How to Take Large Group Photos

Group photos are the most frequently requested type of portraits but they are also by far the most difficult type of portraits. You generally have to deal with very difficult light conditions, you may have to deal with locations that are less than ideal and you will have to deal with many moving parts.

So putting these three tips into practice will help you both control the photography session but also have great fun and wonderful results.

1.  Control the Group

Capturing portraits for a large group can seem very daunting at first. With a little practice you can have most large groups doing exactly what you asked them to do. Remember, you are the professional and you are the director so be prepared to take control and the group will listen to you and the overall session will go much more smoothly.


First thing to consider you need to place the group in the most ideal location for both lighting and shadows and the scenery. So use your artistic eye to spot that best location right when you get to the session. Take some test shots to see if they match your vision and then move ahead.


As the director you need to be able to pose this large group so it looks both natural and appealing. The art of posing is a much larger discussion and we will have that discussion at a later time.


Be sure that everyone is happy.  Plan your session after a meal and after naps if at all possible.  You want everyone happy and rested.  This little tip will improve your group photography success greatly.

2. Control the Light

Just like any type of photography group photography is also about capturing beautiful light. But when you’re capturing a large group portrait capturing and controlling the light becomes more challenging.
The two ways to do it in this case our use of natural light or bring in artificial lights.

Natural Light

Often times large group portraits are inside and they can be darker rooms with poor lighting conditions. Always be on the lookout for a room with gorgeous light. This would be a room with large windows that do not have direct light shining in them that would create harsh shadows. Believe it or not, with beautiful natural light from from Windows, you can capture a large group that is lit in a very natural and balanced way.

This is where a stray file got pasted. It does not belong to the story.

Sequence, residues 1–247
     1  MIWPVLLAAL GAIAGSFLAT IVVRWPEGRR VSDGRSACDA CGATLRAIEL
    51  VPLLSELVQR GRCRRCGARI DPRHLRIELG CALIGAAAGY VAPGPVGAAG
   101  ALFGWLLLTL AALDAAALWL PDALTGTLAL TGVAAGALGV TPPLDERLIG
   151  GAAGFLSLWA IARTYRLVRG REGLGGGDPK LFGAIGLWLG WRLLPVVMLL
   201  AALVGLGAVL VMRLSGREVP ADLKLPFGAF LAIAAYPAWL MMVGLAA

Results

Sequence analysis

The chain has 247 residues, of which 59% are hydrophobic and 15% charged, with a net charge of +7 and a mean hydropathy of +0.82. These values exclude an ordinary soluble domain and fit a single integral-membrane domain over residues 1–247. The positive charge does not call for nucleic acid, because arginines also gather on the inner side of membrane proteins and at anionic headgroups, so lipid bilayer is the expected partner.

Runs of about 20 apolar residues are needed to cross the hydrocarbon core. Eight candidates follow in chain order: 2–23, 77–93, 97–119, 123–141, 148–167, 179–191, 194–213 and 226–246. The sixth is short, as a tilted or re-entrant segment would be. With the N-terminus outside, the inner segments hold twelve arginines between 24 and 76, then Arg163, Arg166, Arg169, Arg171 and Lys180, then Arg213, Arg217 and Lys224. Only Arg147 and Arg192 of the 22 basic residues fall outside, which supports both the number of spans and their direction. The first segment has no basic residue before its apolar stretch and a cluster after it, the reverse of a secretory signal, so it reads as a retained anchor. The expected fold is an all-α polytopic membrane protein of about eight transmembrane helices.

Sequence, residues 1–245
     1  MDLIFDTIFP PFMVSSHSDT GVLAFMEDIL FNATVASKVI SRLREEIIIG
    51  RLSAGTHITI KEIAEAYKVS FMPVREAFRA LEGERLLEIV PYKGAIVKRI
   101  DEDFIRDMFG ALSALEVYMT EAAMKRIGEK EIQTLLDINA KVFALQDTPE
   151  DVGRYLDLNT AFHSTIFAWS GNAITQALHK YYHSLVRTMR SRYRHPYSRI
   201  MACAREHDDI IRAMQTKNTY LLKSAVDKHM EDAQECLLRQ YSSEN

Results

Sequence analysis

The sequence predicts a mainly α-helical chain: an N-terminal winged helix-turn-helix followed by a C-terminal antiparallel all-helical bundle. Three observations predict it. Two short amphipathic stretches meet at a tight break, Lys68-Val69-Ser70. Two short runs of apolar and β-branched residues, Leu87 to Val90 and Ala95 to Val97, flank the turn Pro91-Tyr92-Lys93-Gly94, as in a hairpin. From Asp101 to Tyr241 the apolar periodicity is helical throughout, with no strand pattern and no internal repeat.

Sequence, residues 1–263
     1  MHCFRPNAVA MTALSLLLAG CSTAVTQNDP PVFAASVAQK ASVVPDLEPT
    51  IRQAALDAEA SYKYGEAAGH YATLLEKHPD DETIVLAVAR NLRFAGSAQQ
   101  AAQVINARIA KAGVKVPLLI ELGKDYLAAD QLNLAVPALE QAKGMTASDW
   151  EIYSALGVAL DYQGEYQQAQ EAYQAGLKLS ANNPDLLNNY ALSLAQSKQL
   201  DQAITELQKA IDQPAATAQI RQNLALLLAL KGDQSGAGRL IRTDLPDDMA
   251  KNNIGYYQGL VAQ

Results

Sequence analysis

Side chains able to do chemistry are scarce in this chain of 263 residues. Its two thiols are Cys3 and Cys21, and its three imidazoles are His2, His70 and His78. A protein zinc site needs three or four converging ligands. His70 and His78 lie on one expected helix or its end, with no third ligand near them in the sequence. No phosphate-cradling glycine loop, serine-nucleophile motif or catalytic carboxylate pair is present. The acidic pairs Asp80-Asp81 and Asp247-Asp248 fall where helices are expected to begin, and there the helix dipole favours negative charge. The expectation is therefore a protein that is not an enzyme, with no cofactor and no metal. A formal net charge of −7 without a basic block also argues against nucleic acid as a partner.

Three Easy Tips for How to Take Large Group Photos

Example of Natural light large group portrait.  Notice the soft light from the large window to the left.


Artificial Light

The second way to control light is bringing your own artificial lights. This can be much more challenging and more expensive but it certainly gives you more control.

Three Easy Tips for How to Take Large Group Photos

Large group portraits using artificial light

In this particular example we had very bright sky lights behind the family so we needed to light them up quite a bit from the front so as not to have shadows in the faces.

To solve this particular problem I had up Pocket Wizard type radio transmitter on my camera that was firing two off camera strobes one on the right and one on the left. These were simple cheap Nikon sb-600 strobes that are easy to use and relatively affordable.